Any new chipset means a slew of new motherboards is bound to follow, and Asus is joining the AMD B450 party with four fresh boards for every builder.
The party starts with the ROG Strix B450-F Gaming. This is a full-featured ATX board with metal-reinforced PCIe slots, an RGB LED-accented ROG logo on its chipset shroud, and some neat ROG foil graphics on its chipset heatsink. The board's back panel offers two USB 3.1 Gen 2 Type-A ports, three USB 3.1 Gen 1 Type-A ports, and one USB 3.1 Gen 1 Type-C port. On the off chance you install a Ryzen APU in this board, it'll pipe pixels through an HDMI 2.0b port or a DisplayPort 1.2 output.
Like its B350 forebears, the B450-F will support the unlocked multipliers of Ryzen CPUs, so its fully-heatsinked VRM is a wecome sight. Asus' SupremeFX audio suite, an integrated I/O shield, and support for AMD's Precision Boost Overdrive and StoreMI features round out this sharp mid-range board.
For B450 builders who want to go small, Asus offers the ROG Strix B450-I Gaming. This Mini-ITX board puts its SupremeFX audio components on a separate riser to let Asus make the most of the available board area. The B450-I has two M.2 slots, four SATA ports, built-in 2×2 Wi-Fi, a metal-reinforced PCIe slot, and RGB LED edge lighting. Its rear panel offers an HDMI 2.0 port for Ryzen APUs, four USB 3.1 Gen 1 Type-A ports, two USB 3.1 Gen 2 Type-A ports, and Intel Gigabit Ethernet.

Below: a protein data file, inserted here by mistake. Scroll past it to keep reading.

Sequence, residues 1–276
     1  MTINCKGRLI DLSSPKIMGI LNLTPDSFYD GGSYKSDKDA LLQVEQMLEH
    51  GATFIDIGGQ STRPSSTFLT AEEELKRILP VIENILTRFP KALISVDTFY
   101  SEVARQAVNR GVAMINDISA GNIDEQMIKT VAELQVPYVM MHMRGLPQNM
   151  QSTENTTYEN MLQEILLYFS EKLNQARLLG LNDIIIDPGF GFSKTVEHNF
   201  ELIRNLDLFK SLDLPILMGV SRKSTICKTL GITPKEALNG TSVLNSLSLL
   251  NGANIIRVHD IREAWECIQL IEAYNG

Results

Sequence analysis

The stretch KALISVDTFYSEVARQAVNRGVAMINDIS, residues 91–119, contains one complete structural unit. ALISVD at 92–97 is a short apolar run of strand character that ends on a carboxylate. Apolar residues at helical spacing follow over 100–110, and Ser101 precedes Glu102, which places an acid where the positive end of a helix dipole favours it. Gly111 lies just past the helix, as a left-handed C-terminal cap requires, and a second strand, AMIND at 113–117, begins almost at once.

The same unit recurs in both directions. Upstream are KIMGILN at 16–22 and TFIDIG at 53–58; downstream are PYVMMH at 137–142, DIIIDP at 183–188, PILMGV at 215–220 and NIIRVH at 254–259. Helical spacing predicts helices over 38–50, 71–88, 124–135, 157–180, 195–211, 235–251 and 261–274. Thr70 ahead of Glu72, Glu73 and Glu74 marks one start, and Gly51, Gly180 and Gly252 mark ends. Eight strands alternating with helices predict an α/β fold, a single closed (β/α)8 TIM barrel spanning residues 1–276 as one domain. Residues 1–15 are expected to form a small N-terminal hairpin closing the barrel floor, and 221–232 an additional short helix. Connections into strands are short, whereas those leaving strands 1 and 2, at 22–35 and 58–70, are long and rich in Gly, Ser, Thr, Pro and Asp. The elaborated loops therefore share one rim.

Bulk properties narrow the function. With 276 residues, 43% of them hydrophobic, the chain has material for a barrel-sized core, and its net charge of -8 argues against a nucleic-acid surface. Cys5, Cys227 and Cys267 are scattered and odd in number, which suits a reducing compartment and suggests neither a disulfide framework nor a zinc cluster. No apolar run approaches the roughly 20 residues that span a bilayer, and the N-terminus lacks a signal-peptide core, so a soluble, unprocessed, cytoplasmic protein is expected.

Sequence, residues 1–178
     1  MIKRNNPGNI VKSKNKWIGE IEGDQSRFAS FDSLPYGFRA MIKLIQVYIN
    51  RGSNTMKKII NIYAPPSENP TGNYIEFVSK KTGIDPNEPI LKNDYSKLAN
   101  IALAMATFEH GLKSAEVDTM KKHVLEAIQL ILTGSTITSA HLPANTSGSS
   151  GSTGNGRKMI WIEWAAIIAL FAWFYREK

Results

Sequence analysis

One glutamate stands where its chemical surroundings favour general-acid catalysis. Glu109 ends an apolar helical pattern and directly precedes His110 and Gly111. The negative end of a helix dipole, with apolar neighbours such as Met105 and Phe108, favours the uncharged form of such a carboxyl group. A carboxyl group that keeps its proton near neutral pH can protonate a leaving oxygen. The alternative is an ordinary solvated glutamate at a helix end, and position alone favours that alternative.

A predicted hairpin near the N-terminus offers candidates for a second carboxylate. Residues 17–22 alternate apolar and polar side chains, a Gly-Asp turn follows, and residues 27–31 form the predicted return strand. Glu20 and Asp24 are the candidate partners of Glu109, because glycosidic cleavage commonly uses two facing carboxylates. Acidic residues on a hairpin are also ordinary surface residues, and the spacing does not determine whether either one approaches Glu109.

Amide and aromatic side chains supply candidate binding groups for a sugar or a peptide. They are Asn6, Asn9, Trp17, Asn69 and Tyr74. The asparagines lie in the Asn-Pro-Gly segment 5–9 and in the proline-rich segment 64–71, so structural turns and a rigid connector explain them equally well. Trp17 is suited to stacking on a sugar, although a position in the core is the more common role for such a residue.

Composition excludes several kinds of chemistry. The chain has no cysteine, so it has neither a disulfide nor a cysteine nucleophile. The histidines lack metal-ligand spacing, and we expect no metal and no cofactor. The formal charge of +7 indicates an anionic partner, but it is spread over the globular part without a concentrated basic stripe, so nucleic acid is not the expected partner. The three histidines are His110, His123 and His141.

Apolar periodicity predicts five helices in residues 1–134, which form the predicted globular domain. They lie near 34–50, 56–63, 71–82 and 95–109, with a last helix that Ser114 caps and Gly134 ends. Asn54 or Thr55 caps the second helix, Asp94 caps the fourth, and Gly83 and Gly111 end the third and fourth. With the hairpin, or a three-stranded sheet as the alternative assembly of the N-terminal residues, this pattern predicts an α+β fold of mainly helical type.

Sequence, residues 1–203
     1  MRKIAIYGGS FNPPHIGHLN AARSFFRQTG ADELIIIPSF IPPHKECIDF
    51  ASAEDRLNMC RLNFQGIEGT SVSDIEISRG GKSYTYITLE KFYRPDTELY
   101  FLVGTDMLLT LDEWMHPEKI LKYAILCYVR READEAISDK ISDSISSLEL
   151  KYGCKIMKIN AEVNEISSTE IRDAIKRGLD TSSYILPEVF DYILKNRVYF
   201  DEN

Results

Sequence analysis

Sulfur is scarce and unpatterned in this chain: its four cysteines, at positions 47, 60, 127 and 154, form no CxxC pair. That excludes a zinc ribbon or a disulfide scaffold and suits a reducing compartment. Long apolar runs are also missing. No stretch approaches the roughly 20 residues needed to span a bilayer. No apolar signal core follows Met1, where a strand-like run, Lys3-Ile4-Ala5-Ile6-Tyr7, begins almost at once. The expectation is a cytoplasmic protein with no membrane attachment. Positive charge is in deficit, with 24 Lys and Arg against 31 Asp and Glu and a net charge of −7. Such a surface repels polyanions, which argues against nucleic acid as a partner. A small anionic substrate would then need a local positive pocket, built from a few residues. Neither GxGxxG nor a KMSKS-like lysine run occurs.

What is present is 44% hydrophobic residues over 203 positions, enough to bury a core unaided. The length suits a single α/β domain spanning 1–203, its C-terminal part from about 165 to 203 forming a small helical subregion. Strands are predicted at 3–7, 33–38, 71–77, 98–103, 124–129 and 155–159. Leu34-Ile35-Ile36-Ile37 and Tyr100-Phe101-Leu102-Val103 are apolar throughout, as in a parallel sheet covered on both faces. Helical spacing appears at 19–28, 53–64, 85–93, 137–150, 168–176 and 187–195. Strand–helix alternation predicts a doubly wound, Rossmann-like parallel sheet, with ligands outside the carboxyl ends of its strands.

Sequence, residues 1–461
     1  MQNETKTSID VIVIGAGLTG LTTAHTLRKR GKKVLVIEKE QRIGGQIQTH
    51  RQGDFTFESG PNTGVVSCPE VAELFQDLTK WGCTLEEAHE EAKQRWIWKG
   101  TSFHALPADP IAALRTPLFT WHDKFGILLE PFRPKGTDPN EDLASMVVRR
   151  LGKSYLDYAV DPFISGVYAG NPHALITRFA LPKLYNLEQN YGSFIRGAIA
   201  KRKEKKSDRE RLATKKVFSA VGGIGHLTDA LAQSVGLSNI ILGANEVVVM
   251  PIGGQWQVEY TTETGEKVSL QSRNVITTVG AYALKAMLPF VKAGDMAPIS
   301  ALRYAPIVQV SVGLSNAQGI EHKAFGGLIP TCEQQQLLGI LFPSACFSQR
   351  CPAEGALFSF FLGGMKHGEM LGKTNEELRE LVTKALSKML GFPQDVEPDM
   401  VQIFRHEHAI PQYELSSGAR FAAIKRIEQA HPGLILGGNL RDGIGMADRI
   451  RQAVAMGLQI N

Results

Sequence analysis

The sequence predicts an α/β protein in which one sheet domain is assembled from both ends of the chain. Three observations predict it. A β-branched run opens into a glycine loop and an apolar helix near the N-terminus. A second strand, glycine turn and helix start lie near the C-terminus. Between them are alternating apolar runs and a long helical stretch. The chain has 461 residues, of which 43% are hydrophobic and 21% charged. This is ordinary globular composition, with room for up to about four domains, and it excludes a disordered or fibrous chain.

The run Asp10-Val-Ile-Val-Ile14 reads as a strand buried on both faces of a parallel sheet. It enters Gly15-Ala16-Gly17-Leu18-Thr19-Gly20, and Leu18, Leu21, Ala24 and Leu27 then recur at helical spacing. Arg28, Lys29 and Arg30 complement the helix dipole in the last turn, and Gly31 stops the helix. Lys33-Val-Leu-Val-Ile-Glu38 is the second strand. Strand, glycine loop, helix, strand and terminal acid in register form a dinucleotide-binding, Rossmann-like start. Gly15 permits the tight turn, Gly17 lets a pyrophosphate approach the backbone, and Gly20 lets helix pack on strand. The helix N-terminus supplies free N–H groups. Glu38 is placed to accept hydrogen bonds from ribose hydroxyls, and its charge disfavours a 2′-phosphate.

Both ROG boards employ an interesting strategy to deliver CPU-powered PCIe 3.0 x4 connectivity to all of their M.2 slots. If you install a PCIe SSD in the ROG boards' auxiliary M.2 slots, Asus routes four lanes from the main PCIe 3.0 x16 slot to that auxiliary slot. That leaves eight CPU lanes to the main PCIe x16 slot. We doubt many B450 builds will include GTX 1080 Tis or Titan Vs, but the bifurcation is something to be aware of.
Asus' TUF Gaming brigade kitted out the B450M-Plus Gaming, a microATX board that claims to be built, well, tough. Asus touts the quality of the B450M-Plus' VRM, chokes, and capacitors, as well as a range of ESD guards to prevent fresh recruits from zapping the board to death. The B450M-Plus Gaming has two USB 2.0 ports, a PS/2 connector, one USB 3.1 Gen 2 Type-A port, one USB 3.1 Gen 2 Type-C port, and two USB 3.1 Gen 1 Type-A ports on its back panel. Ryzen APUs can push pixels through HDMI 2.0 and DVI outputs on this board, and its six SATA connectors and single CPU-powered M.2 slot are ready for entry-level action.
Asus' Prime family is meant for mainstream builds, and so the Prime B450M-A focuses on the basics. This straightforward board has separate PS/2 mouse and keyboard ports, a VGA connector, and a DVI-D port to cover its legacy bases. An HDMI 2.0b port stands ready to run modern displays with Ryzen APUs. Builders get two each of USB 3.1 Gen 1 Type-A, USB 3.1 Gen 2 Type-A, and USB 2.0 ports, and an LED-illuminated audio path offers some photonic flair to go with the board's argyle screen print.
AMD hasn't officially launched the B450 chipset yet, but we would expect to see these boards in stores quite soon.